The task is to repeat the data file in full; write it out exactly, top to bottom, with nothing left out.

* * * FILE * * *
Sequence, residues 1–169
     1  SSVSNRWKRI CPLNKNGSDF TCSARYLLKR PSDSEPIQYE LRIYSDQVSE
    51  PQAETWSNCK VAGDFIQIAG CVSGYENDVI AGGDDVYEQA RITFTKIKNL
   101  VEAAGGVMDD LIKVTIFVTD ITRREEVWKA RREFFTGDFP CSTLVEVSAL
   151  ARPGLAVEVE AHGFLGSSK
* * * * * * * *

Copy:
Sequence, residues 1–169
     1  SSVSNRWKRI CPLNKNGSDF TCSARYLLKR PSDSEPIQYE LRIYSDQVSE
    51  PQAETWSNCK VAGDFIQIAG CVSGYENDVI AGGDDVYEQA RITFTKIKNL
   101  VEAAGGVMDD LIKVTIFVTD ITRREEVWKA RREFFTGDFP CSTLVEVSAL
   151  ARPGLAVEVE AHGFLGSSK